Feeds

Spin-out OS33 uncloaks in puff of cloud, lets tools hang out

Hot cumulus-on-cumulus money shot

Intelligent flash storage arrays

A startup called OS33 has just come out of stealth mode and wants to run your cloudy infrastructure from its cloud-based tools. This is what you might call cloud-on-cloud action.

The company, which is based in the unlikely IT hot-spot of Brooklyn, New York, is a spin-out of a managed service provider called, appropriately enough, External IT. Jacob Kazakevich, who is president and chief technology officer at OS33, was one of the co-founders of External IT, which is based in Dallas, and was in fact the MSP's CTO from 2002 through 2008.

In 2006, External IT was unhappy with the tools available to manage its systems and started creating its own tools. In 2009, the MSP decided it didn't want to be in the software tools business even as it was using the OS33 tools internally and word of mouth had spread of the tools, which have been deployed at five other MSPs even before OS33 was formally launched. Kazakevich says there are cloudy server, storage, and network slices being used by several thousand companies that have their infrastructure hosted at External IT.

The OS33 tools are a collection of programs written in C#, JavaScript, and AJAX that run on Windows servers and Web browsers. The program is not open-source and it does not run on Linux, which means some MSPs won't give it a whirl, but it can nonetheless be used to deploy Windows or Linux server instances running on the XenServer, Hyper-V, or ESX Server hypervisors – as well as applications streamed down from them using Citrix Systems' XenApp or Microsoft's App-V.

The tool can also be used to interface with public clouds such as Microsoft Azure, Amazon EC2, Google Apps, GoGrid or Rackspace Cloud (others will come in subsequent releases) and can also be used to provision users on Sage or Intuit online accounting applications. (Again, interfaces to other SaaS-style programs are in the works.)

The OS33 1.0 tools were only used internally at External IT, but the subsequent releases put out this year were also tested by the five other MSPs, culminating in the OS33 2.4 release being announced now.

The OS33 tool has four parts. The Web-based graphical user interface is used by system administrators to gain full access to the features of the tool but can also be presented in a restricted mode and used as a self-service portal for MSPs to peddle their virtual wares as well as links to other cloudy services. This Web-based GUI can be customised so the MSP's brand appears on it, which is important to some of OS33's customers. (MSPs want to look like the smart guys who made the clever tool, like everyone else in the world.) This Web interface to OS33 is designed to work from Windows or Mac clients.

The Cloud Connector is the back-end of the tool that has interfaces into the hypervisors to provision private cloud slices or to the public clouds to manage these instances. (You have to independently create server images on the public clouds before OS33 can see them and take control of them.) The Cloud Control Panel is what is used to manage the multiple-tenant clouds with virtual server slices inside of the MSP, and the Application Delivery module is what interfaces with XenApp or App-V to stream Windows applications or with Web applications running on the server slices and control user access to them.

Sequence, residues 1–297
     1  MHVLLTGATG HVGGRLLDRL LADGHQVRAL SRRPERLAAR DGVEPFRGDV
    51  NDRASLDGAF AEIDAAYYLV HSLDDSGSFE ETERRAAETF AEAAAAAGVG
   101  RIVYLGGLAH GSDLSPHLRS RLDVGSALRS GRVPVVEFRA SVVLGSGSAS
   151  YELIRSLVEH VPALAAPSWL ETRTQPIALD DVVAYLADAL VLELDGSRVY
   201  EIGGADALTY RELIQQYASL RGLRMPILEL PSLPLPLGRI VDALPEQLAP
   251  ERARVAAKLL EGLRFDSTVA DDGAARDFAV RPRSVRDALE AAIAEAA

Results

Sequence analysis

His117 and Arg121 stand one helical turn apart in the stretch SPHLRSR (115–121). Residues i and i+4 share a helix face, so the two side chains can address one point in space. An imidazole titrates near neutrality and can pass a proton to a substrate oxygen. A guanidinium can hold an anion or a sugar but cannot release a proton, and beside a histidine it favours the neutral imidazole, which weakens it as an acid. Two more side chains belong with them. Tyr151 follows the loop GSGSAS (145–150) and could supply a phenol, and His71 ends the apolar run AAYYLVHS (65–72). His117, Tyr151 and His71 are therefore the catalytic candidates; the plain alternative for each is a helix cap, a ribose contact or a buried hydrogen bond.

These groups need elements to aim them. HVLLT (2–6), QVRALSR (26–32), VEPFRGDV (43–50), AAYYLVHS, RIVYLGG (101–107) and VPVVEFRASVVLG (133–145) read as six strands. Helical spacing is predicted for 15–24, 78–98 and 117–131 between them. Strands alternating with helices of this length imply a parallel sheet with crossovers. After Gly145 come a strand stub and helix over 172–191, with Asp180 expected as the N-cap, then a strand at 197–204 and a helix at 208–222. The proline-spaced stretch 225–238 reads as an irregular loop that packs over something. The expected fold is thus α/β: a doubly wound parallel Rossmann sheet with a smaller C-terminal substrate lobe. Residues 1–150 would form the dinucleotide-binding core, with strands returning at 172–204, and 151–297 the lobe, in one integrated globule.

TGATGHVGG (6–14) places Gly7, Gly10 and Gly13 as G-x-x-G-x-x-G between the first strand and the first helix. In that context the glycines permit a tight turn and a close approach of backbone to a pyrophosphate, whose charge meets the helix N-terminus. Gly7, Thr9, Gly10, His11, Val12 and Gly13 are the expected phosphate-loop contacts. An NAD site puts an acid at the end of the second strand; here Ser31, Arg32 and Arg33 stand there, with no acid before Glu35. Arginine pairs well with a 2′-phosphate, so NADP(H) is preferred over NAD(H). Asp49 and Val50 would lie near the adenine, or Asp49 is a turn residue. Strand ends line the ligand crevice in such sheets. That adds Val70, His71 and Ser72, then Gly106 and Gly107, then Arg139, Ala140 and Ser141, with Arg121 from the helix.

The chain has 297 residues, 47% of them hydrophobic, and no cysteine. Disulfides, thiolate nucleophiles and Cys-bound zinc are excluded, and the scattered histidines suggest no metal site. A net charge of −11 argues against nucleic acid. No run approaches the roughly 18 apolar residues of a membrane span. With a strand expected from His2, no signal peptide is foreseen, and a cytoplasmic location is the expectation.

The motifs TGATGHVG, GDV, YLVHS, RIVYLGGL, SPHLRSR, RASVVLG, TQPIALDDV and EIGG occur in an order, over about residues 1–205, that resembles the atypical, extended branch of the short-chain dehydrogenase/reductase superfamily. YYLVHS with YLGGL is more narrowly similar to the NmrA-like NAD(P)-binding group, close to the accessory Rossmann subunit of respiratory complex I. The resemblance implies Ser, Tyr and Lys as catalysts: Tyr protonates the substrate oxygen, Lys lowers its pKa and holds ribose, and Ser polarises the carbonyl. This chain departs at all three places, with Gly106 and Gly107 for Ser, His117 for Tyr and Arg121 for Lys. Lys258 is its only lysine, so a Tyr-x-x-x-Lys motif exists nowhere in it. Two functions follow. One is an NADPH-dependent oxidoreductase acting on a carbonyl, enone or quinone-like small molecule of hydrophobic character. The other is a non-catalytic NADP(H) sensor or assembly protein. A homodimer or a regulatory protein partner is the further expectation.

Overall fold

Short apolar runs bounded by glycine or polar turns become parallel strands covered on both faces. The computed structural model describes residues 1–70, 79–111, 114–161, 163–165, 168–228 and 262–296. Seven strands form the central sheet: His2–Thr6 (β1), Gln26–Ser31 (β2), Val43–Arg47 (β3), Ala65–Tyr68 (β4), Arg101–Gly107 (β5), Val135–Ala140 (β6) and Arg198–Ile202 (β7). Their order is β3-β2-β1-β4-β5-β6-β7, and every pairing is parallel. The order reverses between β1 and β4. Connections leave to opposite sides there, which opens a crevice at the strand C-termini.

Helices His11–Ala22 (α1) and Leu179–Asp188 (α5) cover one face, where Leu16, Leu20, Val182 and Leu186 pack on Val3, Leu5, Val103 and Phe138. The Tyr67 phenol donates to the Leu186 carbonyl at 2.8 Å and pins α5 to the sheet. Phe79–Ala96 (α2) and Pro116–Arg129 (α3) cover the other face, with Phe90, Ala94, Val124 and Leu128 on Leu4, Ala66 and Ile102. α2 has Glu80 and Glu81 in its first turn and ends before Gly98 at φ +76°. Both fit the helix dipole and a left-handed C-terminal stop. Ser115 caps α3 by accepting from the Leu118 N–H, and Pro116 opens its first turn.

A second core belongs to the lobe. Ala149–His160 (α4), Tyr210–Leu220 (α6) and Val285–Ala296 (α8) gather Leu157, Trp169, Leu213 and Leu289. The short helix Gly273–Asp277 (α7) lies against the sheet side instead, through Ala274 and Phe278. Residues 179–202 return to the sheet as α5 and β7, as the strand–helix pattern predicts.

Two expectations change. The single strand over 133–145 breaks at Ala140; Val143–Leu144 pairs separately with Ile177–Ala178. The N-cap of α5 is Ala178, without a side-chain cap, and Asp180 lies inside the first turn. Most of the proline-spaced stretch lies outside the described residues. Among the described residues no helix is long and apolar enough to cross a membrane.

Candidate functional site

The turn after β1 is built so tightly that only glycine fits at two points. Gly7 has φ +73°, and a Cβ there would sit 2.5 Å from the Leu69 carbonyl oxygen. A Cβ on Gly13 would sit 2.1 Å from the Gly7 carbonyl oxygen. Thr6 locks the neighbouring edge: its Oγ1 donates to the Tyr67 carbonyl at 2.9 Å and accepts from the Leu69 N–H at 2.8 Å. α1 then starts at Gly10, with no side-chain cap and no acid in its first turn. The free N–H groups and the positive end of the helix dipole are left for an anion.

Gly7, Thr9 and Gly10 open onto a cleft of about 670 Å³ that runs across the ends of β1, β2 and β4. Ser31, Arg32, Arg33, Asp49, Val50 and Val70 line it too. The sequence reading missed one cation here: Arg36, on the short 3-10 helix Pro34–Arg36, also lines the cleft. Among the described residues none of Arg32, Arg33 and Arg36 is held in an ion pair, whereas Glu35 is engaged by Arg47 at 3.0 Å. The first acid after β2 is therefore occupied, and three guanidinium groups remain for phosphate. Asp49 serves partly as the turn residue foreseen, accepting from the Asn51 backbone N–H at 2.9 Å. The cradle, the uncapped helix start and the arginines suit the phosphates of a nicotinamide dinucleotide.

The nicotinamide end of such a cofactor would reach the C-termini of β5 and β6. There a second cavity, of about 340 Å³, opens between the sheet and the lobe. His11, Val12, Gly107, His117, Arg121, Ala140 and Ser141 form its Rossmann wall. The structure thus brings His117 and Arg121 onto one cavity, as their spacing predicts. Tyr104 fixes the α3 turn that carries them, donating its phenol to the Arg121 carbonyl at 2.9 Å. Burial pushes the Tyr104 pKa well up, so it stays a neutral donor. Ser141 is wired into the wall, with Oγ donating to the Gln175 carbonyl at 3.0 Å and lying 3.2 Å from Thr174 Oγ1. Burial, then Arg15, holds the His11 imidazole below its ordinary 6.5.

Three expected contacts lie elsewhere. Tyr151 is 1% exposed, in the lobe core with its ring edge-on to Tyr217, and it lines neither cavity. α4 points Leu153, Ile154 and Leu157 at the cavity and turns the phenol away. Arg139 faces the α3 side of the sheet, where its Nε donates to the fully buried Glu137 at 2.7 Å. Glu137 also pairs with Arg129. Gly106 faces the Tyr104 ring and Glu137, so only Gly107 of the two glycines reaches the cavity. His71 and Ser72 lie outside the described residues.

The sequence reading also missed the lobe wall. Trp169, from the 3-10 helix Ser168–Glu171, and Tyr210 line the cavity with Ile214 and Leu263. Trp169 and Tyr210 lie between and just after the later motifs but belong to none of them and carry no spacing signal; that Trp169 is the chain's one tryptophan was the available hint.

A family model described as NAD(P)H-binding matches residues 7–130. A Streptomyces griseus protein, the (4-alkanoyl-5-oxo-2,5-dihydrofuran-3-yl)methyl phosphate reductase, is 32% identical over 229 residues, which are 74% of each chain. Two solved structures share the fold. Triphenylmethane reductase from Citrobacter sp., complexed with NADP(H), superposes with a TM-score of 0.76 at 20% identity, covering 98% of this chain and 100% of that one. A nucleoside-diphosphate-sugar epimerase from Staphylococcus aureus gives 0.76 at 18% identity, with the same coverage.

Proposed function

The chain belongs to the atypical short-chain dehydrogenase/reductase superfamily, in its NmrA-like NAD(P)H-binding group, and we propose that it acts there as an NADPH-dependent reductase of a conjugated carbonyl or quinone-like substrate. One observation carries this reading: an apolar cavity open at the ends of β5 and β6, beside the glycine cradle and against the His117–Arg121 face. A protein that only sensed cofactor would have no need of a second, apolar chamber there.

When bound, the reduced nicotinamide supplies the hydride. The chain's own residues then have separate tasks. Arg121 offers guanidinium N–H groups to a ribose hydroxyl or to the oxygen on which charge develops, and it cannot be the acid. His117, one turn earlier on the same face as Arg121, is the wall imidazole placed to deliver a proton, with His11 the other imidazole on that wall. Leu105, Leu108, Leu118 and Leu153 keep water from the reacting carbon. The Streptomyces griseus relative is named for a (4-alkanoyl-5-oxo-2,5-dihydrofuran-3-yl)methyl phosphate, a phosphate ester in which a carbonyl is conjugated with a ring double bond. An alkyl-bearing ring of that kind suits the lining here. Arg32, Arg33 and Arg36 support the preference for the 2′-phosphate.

OS33 is charging around $2,500 for a starter kit aimed at MSPs or internal data centres. The code runs on OS33's own data centres, which are located in Texas, New Jersey, Connecticut, and California. Each Cloud Control Panel licence on top of that costs $695, the Cloud Connector costs $200, and an administrator account costs $100. The software is available now. ®

Choosing a cloud hosting partner with confidence

More from The Register

next story
The cloud that goes puff: Seagate Central home NAS woes
4TB of home storage is great, until you wake up to a dead device
Azure TITSUP caused by INFINITE LOOP
Fat fingered geo-block kept Aussies in the dark
You think the CLOUD's insecure? It's BETTER than UK.GOV's DATA CENTRES
We don't even know where some of them ARE – Maude
Intel offers ingenious piece of 10TB 3D NAND chippery
The race for next generation flash capacity now on
Want to STUFF Facebook with blatant ADVERTISING? Fine! But you must PAY
Pony up or push off, Zuck tells social marketeers
Oi, Europe! Tell US feds to GTFO of our servers, say Microsoft and pals
By writing a really angry letter about how it's harming our cloud business, ta
SAVE ME, NASA system builder, from my DEAD WORKSTATION
Anal-retentive hardware nerd in paws-on workstation crisis
prev story

Whitepapers

Why and how to choose the right cloud vendor
The benefits of cloud-based storage in your processes. Eliminate onsite, disk-based backup and archiving in favor of cloud-based data protection.
A strategic approach to identity relationship management
ForgeRock commissioned Forrester to evaluate companies’ IAM practices and requirements when it comes to customer-facing scenarios versus employee-facing ones.
High Performance for All
While HPC is not new, it has traditionally been seen as a specialist area – is it now geared up to meet more mainstream requirements?
Protecting against web application threats using SSL
SSL encryption can protect server‐to‐server communications, client devices, cloud resources, and other endpoints in order to help prevent the risk of data loss and losing customer trust.
Top 5 reasons to deploy VMware with Tegile
Data demand and the rise of virtualization is challenging IT teams to deliver storage performance, scalability and capacity that can keep up, while maximizing efficiency.